The Cavaliers held a players only meeting earlier this week, after losing by 29 points to the Timberwolves which put them at just 3-7 through the team’s first 10 games.
There were reports that the meeting turned contentious, and that players confronted one another about how things were playing out — none of which is a great sign less than three weeks into the regular season.
It was rumored that the play of Dion Waiters was one of the meeting’s issues, but others denied that was the case. Whether there’s something going on internally where Waiters is concerned or there isn’t, he hasn’t been with the team since Wednesday’s loss, and an illness with little details is what’s being blamed for his absence.
From Jason Lloyd of the Akron Beacon Journal:
The meeting was intense – the Cavs played terrible and lost by 29 points – but two players who were in the room both privately said some of the speculation has been overblown and it wasn’t combative, nor was Dion Waiters a target of the meeting. The players weren’t very happy, but no specific player was singled out. …
As for Waiters and this illness, Mike Brown said he has been to the doctor twice and has a prescription. I’ve heard whispers Waiters knew he was going to get demoted to the second team. Did he know that and make up this illness? Is he really sick? The only one who really knows the answer to that is Waiters.
No one on the team has really seen or heard from Waiters since Wednesday’s game. He didn’t attend Friday’s shootaround because of this illness and didn’t make the trip to Washington for tonight’s game. No one I talked to really knows how sick Waiters is or what all this is about.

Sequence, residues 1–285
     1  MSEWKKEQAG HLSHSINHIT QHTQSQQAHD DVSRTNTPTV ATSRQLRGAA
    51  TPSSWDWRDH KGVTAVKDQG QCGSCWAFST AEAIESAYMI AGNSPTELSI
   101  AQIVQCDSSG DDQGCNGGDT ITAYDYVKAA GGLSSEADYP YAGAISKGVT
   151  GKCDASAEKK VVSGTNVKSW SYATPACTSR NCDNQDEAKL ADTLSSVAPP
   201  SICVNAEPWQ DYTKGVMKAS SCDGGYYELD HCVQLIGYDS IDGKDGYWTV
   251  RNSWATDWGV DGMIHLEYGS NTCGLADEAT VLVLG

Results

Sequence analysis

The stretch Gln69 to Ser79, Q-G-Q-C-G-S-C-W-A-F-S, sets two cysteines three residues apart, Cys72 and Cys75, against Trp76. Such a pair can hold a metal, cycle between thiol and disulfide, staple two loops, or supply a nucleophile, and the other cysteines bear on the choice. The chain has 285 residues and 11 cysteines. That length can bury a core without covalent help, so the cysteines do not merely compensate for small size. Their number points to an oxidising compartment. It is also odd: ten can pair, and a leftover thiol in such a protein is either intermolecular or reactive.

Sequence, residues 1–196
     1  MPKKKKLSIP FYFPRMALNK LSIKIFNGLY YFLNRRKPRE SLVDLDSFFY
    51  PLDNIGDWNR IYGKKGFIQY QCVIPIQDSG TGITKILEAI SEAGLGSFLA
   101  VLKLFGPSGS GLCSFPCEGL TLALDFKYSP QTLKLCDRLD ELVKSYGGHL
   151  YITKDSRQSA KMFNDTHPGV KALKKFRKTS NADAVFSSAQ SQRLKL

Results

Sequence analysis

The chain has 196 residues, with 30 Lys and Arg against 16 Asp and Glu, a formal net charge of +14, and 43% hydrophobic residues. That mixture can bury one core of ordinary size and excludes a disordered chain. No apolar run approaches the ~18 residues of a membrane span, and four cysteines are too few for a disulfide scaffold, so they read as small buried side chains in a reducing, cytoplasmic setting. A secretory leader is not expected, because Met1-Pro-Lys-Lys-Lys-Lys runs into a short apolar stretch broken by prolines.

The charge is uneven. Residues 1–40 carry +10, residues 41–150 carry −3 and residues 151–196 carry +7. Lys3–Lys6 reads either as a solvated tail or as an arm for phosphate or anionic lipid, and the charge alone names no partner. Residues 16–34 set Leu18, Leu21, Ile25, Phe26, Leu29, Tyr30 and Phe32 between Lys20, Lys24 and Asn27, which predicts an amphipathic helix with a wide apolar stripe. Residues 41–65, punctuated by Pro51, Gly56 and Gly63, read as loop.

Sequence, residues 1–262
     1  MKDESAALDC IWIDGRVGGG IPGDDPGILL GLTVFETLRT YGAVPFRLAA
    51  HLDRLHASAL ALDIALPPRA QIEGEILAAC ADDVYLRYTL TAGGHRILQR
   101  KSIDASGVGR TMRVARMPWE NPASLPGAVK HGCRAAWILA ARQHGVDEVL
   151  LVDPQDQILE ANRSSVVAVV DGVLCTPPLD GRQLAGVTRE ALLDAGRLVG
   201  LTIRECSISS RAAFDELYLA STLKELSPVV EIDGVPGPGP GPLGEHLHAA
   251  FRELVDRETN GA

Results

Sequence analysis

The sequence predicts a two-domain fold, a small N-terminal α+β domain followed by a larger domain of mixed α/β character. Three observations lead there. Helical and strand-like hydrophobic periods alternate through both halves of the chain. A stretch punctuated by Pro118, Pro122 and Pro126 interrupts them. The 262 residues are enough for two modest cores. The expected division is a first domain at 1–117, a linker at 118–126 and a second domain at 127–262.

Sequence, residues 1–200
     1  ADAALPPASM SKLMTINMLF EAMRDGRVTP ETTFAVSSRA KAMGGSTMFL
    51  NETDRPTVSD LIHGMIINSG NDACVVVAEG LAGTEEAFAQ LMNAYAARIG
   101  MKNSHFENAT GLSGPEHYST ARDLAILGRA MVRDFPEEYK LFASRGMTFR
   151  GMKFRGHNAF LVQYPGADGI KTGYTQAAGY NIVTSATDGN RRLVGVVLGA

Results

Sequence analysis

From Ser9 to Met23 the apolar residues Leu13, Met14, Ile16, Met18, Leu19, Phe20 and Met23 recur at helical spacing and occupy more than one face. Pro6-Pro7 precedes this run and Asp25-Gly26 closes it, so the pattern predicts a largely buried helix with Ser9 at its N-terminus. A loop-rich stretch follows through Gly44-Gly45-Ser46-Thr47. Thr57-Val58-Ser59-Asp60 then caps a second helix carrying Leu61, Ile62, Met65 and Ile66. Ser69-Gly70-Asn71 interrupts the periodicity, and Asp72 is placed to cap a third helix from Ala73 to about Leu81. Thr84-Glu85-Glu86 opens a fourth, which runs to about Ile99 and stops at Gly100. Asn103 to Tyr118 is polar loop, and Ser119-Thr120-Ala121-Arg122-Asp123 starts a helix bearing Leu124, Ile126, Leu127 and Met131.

All of this is very interesting, and the truth may come out at some point. Or maybe it won’t. But the fact that this is a thing is on head coach Mike Brown, especially this early in the season. He should be communicating exactly what the issue is with Waiters if something legitimate is keeping him away so there will be no locker room uncertainty.
Kyrie Irving apparently isn’t willing to wait to find out — he took matters into his own hands on Saturday, scoring 41 points in leading his team to a much-needed overtime victory over the Wizards.
When you hear player comparisons for Knicks rookie, the most common is Dirk Nowitzki — a European big with ridiculous shooting range and potential to embarrass anyone.
So did he grow up idolizing Dirk? Not so much.
Rather, like many of his generation, he grew up idolizing Kobe Bryant, he told Mike Francesa of WFAN.
“My favorite player growing up was Kobe. The Lakers were my team and I still love him.”
There is an entire generation of NBA players — and just fans — who would say the same thing.
In the interview, Porzingis laments his missed shots and turnovers, he thinks he can be a lot better. That is exactly what you want out of a rookie. It’s a huge adjustment playing at the NBA level, the speed of the game and IQ is a leap from Europe (or college). Recognizing the challenge is part of it.